I wish I had invested more in those ordinary experiences instead of in the big and loud events. I wish I had taken the time to pause, to be still and listen, to recognize God’s presence in my everyday routine.

As an athlete, the first step you can take to integrate your faith and sport is to find God in the little things. Stop and listen and wait to hear God in the whispers, and not just in the earthquakes and the fire.

2. Develop Your Spiritual Muscles

“Pray continually” – 1 Thessalonians 5:17

“For the word of God is alive and active. Sharper than any double-edged sword, it penetrates even to dividing soul and spirit, joints and marrow; it judges the thoughts and attitudes of the heart.” – Hebrews 4:12

Recognizing God’s presence in every little thing around us is important, but it’s also essential we recognize God’s presence in our personal hearts and lives. It’s simple but it’s not easy.  Completing daily quiet times has always been a challenge for me. Reading my Bible, spending intentional time in prayer, and praying over all circumstances always felt like an added burden I kept pushing to the end of the day until it was time to go to sleep. I would say I would start tomorrow but tomorrow kept getting pushed back, too.

I always had a “good” excuse, or at least that’s what I told myself. I had a 6 A.M. lift so there was no way I was waking up any earlier to read by Bible. I had class all morning and then practice all afternoon and then homework all evening and then it was time to sleep—all so I could do it again the next day. It was a vicious cycle that continued to push me further and further away from God’s Word.

In addition, I kept telling myself I was okay. I was a good person. I wasn’t doing anything egregiously wrong and I was going to church every Sunday and attending a Fellowship of Christian Athletes (FCA) meeting every Tuesday night. I was fine, or at least I was doing better than some of the Christians I saw around me. (It makes me cringe to think I once had those thoughts).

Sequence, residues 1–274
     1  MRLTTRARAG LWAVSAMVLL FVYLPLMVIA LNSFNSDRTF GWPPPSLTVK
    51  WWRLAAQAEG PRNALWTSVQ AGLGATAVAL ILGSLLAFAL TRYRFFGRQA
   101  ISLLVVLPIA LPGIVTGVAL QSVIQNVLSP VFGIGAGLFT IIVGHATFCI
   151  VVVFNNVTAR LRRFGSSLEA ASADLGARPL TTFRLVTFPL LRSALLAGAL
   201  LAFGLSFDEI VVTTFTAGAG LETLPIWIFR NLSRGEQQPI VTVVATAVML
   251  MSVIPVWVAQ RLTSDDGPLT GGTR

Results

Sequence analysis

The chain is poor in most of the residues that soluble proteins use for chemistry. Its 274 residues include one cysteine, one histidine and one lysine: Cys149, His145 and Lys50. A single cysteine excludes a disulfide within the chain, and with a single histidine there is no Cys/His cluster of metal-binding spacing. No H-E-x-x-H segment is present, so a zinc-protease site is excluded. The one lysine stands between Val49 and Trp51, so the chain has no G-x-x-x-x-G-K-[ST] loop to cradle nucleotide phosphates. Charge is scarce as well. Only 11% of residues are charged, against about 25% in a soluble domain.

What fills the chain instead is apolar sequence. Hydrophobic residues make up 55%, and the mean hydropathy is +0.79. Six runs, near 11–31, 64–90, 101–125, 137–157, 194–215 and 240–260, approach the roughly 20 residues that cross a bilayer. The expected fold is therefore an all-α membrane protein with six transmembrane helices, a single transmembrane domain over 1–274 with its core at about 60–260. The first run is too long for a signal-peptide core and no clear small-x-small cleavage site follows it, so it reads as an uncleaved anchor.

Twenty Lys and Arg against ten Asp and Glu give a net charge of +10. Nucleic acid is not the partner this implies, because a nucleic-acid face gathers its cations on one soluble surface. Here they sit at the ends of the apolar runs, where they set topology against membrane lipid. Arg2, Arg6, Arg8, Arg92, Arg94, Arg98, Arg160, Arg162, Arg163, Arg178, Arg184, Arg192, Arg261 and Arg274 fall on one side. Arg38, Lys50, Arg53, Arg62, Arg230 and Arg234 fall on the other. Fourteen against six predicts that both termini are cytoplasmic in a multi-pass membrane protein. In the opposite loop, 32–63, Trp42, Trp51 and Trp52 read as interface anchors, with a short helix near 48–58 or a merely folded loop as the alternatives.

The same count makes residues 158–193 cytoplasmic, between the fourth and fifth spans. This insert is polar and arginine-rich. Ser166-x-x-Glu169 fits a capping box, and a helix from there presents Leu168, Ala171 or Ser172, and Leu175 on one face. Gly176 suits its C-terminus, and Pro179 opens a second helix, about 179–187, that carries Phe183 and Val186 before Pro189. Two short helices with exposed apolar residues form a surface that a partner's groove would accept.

What I have learned after college is that life does not slow down. In fact, although I never could have imagined it during my busy student-athlete days, life gets even busier. There is never going to be a perfect or easy time to regularly read your Bible, but there will always be a good excuse.

In my attempts to be diligent in my quiet times with the Lord, one thought that’s helped me is this: we make time for the things that are most important to us. If scrolling on Instagram is important to me then I will make time for that. If getting straight A’s is my driving force then I will make time to study in the library. As a Christian, the most important thing in my life should be Christ. If I want this to be true then there is always time in the day to read my Bible and intentionally pray.

I am absolutely still working on this. I fail more times than I would like to admit. But I’m actively trying to commit time to Christ daily. If you’re a college athlete, I’d encourage you to join me. Start working on it now. Just like lifting weights or exercising, spiritual discipline is a muscle that gets stronger the more we use it.

3. Your Identity is Not Found in Your Playing Time or Stat Line (!)

“He came to that which was his own, but his own did not receive him. Yet to all who did receive him, to those who believed in his name, he gave the right to become children of God— children born not of natural descent, nor of human decision or a husband’s will, but born of God.” – John 1:11-13

I saved this point for the end because it was the most devastating and yet most important lesson I  learned in college.

As I stated before, I was a good person in college. I did not party or drink. I did my homework and got good grades, I had good friends and I was even an FCA leader. I truly loved Jesus and thought I had Him as the center and foundation of my life.

What I learned, very abruptly, is that it is easy to love God when things are going well. It is much harder when the things that brought you joy—the things that consumed every minute of your day—are quickly taken away from you.